The upshot of excluding and including these matches is that WG has lost eight, or possibly nine* matches, 685 runs, two centuries, and no fewer than 67 wickets, Hobbs has an extra 523 runs with two centuries, Sutcliffe an extra 532 with two centuries, and Rhodes an extra 247 runs and 17 wickets (he actually spent three winters in India in the 1920s, it’s only the 1922-23 matches which seem to be in dispute). Hobbs’ total of career centuries is thus increased from 197 to the tantalising figure of 199. It seemed to me when I was younger that he must have played on into his fifties purely to try and get those extra hundreds, though knowing what I do of him now, I’m certain that wasn’t the case. And in any case it would have surely been possible for him to play Festival matches against weak opposition, or for MCC against universities, if that was the objective. The fact is that the question of the extra two hundreds was mentioned to Hobbs during his lifetime. “Don’t include those” he insisted. “They were exhibition matches. Vizzy wanted to list our hundreds on the wall of his pavilion. We knew we’d got to get hundreds – so did the bowling side.They were not first-class in any sense.” I don’t know of Sutcliffe’s view on the matter but it seems that the word of ‘The Master’ has been good enough for Wisden ever since, if not for the bean counters of the ACS and Cricinfo.
The almanack did once feature the revised figures for WG Grace, though. It was in 1981, the first year of John Woodcock’s editorship after succeeding the long-serving Norman Preston. The first-class runs list – of batsmen who had scored 25,000 runs – had a footnote giving the totals given for Grace in previous editions – which it stated, ‘included a number of matches which cannot be regarded as first-class.’ One explanation given for removing these games was that Grace’s runs and wickets had been counted when nobody else’s were; nevertheless, there must have been outcry, because Wisden reverted to the traditional figures the following year. I suspect too that Woodcock was not consulted on the revision, and was none too pleased about it.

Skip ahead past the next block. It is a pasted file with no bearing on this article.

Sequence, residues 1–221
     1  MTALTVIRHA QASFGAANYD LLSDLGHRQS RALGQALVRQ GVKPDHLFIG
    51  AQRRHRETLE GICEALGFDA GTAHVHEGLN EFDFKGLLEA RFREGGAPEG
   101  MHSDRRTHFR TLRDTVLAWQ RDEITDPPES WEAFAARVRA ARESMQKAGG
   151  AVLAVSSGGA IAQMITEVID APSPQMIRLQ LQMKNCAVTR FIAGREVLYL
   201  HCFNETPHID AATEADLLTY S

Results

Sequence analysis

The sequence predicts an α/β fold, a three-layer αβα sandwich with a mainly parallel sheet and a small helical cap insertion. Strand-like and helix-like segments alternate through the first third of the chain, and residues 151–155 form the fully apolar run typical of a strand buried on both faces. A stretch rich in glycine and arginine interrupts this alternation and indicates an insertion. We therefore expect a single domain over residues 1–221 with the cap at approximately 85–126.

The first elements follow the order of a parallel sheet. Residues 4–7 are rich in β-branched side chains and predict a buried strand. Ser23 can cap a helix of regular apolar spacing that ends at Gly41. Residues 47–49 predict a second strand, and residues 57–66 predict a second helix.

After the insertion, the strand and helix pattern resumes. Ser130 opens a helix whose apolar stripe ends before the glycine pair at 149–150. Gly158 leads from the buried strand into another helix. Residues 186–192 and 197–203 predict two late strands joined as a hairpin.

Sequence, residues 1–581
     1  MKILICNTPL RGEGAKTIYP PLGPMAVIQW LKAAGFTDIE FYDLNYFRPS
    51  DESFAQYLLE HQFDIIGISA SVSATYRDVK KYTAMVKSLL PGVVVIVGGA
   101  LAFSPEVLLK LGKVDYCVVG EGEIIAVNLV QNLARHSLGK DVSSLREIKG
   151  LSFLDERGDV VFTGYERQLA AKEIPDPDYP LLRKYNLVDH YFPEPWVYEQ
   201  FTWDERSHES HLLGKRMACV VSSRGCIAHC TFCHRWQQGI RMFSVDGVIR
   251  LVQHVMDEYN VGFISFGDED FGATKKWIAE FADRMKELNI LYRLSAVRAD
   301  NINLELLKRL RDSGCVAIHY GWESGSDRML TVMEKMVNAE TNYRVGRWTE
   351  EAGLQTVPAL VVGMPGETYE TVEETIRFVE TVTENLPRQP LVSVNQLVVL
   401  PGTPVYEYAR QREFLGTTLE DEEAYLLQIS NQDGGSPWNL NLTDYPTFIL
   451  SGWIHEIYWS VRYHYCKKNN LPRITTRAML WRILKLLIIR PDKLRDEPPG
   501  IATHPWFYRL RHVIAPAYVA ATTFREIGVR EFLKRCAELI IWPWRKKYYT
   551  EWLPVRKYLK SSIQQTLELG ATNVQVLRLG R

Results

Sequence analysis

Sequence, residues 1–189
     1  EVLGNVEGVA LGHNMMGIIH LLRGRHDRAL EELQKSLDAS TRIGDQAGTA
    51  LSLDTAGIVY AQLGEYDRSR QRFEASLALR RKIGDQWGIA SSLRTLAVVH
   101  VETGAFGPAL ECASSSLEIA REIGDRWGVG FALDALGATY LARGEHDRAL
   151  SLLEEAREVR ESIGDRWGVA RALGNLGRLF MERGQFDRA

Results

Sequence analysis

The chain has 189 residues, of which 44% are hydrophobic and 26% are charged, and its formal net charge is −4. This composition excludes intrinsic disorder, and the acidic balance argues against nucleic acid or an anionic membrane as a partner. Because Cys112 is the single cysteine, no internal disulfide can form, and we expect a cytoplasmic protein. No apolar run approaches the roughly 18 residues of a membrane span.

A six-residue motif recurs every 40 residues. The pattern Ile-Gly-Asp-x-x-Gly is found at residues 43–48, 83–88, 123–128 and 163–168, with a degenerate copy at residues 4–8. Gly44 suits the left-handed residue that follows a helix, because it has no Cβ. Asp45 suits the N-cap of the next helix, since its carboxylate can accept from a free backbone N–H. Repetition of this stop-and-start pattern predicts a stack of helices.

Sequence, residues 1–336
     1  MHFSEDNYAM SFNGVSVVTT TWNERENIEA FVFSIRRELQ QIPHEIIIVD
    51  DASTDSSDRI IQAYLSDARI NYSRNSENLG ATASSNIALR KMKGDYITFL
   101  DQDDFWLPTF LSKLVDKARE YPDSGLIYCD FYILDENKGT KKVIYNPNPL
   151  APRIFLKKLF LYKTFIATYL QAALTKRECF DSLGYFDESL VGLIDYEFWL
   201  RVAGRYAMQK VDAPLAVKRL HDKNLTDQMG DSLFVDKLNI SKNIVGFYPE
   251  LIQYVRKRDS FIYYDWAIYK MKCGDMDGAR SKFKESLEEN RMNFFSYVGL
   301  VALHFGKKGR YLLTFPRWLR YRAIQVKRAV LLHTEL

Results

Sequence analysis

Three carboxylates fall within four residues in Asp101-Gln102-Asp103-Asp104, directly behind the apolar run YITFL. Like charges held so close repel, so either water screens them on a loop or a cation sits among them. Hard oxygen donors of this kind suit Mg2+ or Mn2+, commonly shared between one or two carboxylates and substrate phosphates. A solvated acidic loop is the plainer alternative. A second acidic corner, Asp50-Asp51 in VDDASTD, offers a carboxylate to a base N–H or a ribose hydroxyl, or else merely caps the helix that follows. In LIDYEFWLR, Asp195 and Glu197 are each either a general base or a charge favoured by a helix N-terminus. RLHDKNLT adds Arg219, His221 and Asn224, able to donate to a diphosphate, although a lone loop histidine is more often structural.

Clearly the game has more pressing concerns, and we are talking about a few hundred runs or a few wickets for players long since deceased. I have more time for the Grace revisionists than I do for the others, because cricket for most of his time was not organised along the same lines as in the 20th century (there was no recognised County Championship, for instance) and so the concept of a ‘first-class’ match was not then recognised. People used to talk about ‘great matches’ or ‘big cricket.’ But if Jack Hobbs didn’t consider that he was playing in a first-class match I see no reason for statisticians of later generations to disagree with him. I suppose in the end it will come down to which source of reference you are most used to, and which figures you are most used to seeing. In any event it’s not as if 197/199 or 4187/4204 are going to be overtaken. Those great cricketers will be on their respective pedestals for ever more.
(* the one match discrepancy occurs in Simon Rae’s excellent 1998 biography of Grace, in which the statistical appendix has a page devoted to ‘the disputed matches’)